Regional Reviews: Albuquerque/Santa Fe
The Country House
Also see Rob's review of The Diary of Anne Frank
A few years ago, the Fusion group put on another Margulies play, Time Stands Still, which could not be more different in content and feel from the The Country House. Time Stands Still told the story of two war correspondents working to heal wounds that can't be healed. The Country House deals in complex family relationshipswhich also cannot be healedand he tips the tensions into comedy.
The set-up is high sitcom. Anna (Laurie Thomas) is hosting a family reunion a year after the death of her daughter Kathy, from cancer. Anna's son Elliott (Bruce Holmes) lives in the home. Visitors include Kathy's daughter Susie (Rhiannon Frazier), Kathy's husband Walter (Paul Blott), Walter's new fiancée Nell (Jacqueline Reid), and Michael (Ross Kelly), a family friend and handsome movie star. The family makes its living in showbiz, whether it's theatre or film.
Nobody is over Kathy's death except Walter, who is delighting in his new love for Nell. The family resents Walter and Nell. To complicate the reunion, Nell is Elliott's former flame from years ago when they were both acting in summer stock. Elliott, of course, has never gotten over Nell.
The parallels to The Seagull are clear, though not quite as explicit as in Stupid Fucking Bird, Aaron Posner's recent take on The Seagull, presented by Fusion earlier in the season. Stupid Fucking Bird was pretty much blow-for-blow, while The Country House trades in the same characters and resentments while diverting the plot.
It's great to see contemporary playwrights pick up Chekhov in a way that suggests Chekhov hasn't quite been digested yet. Interestingly, both playwrights hone in on the comedy in the characters' desperation, and both playwrights focus on the emotional fireworks bursting from the Konstantin (Elliott) character, the ne-re-do-well wannabe playwright who tortures his family by reading his self-indulgent and amateurish script.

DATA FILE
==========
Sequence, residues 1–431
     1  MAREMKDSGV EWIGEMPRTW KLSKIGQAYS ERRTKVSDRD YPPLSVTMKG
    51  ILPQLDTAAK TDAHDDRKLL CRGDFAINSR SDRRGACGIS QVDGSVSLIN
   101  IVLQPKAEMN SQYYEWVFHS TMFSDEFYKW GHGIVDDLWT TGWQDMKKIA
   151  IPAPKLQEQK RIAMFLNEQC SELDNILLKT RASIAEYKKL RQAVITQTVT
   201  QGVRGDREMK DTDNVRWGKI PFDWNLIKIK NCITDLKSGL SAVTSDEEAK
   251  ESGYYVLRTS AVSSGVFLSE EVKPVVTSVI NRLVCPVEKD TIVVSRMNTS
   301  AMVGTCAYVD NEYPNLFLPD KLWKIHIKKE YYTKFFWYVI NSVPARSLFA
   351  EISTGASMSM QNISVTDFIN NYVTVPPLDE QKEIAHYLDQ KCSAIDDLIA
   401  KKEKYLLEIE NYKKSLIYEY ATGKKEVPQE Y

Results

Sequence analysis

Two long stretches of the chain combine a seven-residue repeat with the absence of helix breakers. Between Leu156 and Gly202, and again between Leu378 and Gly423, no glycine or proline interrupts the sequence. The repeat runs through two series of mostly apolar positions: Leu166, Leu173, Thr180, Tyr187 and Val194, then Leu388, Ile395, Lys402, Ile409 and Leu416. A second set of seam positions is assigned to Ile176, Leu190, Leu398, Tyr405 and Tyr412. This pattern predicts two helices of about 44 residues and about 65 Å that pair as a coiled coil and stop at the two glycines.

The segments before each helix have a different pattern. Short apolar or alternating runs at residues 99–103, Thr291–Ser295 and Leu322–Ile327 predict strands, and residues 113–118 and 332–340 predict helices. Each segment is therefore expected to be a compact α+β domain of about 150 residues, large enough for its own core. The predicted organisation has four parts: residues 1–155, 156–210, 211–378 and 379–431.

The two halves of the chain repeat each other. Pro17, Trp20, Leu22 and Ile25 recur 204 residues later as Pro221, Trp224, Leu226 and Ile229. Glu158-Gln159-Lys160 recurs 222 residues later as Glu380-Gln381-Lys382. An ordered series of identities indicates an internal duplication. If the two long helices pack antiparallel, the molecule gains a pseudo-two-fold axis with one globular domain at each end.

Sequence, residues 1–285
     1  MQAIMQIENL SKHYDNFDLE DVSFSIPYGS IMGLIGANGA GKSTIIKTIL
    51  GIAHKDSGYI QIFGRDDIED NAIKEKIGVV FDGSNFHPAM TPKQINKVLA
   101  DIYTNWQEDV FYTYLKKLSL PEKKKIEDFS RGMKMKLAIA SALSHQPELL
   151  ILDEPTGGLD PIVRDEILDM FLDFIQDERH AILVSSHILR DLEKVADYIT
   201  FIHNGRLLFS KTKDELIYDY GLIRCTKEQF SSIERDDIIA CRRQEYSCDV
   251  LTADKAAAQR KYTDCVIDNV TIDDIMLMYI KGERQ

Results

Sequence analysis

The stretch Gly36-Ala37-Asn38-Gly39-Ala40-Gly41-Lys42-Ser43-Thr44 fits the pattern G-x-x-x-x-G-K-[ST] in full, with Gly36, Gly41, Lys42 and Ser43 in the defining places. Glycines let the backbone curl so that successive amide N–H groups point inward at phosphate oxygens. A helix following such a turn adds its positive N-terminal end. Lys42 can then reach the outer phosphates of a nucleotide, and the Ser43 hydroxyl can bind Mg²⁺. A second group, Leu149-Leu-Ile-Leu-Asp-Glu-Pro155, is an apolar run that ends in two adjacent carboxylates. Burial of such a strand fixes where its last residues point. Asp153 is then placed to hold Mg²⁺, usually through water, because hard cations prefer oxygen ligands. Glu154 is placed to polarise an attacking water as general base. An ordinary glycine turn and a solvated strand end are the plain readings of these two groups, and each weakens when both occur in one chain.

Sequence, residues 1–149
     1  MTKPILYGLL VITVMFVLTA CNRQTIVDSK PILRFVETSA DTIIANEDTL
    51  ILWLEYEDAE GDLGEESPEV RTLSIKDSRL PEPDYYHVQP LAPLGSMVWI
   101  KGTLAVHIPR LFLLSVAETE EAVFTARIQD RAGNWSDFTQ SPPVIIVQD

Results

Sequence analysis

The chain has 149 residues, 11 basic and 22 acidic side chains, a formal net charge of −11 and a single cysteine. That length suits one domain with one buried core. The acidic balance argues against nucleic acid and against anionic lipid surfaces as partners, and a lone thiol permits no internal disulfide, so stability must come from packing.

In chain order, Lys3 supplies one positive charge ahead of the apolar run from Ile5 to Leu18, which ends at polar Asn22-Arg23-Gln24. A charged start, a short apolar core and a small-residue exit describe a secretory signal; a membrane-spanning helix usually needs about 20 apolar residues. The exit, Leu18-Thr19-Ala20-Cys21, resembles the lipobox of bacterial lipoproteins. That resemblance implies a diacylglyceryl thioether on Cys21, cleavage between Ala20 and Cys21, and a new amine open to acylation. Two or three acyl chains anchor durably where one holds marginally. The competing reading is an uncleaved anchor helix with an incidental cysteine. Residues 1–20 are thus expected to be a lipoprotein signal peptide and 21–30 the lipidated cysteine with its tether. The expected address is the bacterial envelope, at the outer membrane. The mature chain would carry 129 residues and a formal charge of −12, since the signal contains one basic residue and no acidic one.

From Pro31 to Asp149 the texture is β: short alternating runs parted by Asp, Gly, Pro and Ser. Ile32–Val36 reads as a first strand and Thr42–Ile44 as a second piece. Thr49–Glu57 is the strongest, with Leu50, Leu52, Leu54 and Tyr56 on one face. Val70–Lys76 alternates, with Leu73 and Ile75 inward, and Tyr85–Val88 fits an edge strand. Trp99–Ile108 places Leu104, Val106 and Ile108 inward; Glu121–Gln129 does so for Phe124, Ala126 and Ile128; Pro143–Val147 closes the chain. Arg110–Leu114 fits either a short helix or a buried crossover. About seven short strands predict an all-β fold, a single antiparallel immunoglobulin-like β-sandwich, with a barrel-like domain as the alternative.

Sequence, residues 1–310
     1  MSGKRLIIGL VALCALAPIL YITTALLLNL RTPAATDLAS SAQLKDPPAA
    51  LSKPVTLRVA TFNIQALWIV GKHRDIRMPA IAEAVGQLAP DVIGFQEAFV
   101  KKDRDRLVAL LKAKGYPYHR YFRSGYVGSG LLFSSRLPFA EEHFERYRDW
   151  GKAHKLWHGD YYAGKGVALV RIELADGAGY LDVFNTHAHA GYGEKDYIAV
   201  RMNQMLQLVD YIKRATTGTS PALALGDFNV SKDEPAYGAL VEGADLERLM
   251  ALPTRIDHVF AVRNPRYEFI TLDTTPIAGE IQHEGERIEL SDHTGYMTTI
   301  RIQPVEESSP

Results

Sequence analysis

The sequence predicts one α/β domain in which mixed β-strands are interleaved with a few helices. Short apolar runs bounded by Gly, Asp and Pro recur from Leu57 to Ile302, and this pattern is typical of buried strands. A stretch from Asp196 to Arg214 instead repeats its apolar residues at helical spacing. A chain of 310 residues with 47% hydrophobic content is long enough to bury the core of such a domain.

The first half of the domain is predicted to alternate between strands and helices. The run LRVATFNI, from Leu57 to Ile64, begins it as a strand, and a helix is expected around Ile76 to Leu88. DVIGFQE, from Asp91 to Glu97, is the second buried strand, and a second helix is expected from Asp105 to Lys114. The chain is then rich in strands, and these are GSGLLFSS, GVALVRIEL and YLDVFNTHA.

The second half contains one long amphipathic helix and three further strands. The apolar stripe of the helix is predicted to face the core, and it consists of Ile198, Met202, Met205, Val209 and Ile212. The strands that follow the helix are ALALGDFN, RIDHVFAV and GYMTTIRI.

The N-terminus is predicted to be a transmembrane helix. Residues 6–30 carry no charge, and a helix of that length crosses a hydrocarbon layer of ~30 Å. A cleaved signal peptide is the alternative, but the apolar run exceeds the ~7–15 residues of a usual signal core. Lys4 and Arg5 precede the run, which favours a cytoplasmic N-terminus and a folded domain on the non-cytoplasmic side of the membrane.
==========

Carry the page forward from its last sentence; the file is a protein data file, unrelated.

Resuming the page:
The play's strength is its humor. Again and again it tips into farce, and then tips back into smart-funny. All of the characters have their high drama moments, but we don't really care. It's the hilarity of their desperation that keeps the show lively.
Director Gil Lazier has assembled a fabulous cast. Many of the Fusion's big hitters are here, with Thomas, Reid, and Holmes acting and Lazier directing. While the play suffered some harsh criticism from The New York Times and Variety a couple years ago, it's actually a pretty solid story. In the Fusion production the acting is just delicious. We get another strong performance from Reid, who's a completely different human being in each role. Holmes brings warmth to Elliott, which saves the character from being annoyingly acerbic. Blott and Thomas are both excellent. Kelly mostly has to just look good, and he does it well.
The emotional center seems to be Susie. Her grief over her mother's death is pure, unencumbered by her own needs or conniving plans. She just hurts and wants to be with her family remembering Mom. The drama in the house thwarts this simple need. Newcomer Frazier well captures Susie's innocence and pain.
This is a turn away from Chekhov, who usually finds a way to pinpoint a character's selfish motives hiding beneath the surface. In Chekhov, a character like Susie is a sap. But in Margulies' play, Susie is sharp enough to go toe-to-toe with her emotionally brutal relatives while remaining sincere. She just misses her mother. This wins her the heart of the play, and Frazier delivers this deftly.
The Country House by David Margulies is directed by Gil Lazier for Fusion. The play runs at the Cell Theatre, 700 1st. St. NW, Thursdays through Sundays, ending on Saturday, April 29, 2016. Thursday, Friday, and Saturday performances begin at 8:00 pm. There is a Saturday afternoon performance at 2:00 pm. On Sunday, April 30, there will be a pay-what-you-wish performance at the Kimo Theatre at 7:00 pm. For reservations, go to fusionabq.org or call 505-766-9412. For the KiMo performance, go to KiMotickets.com.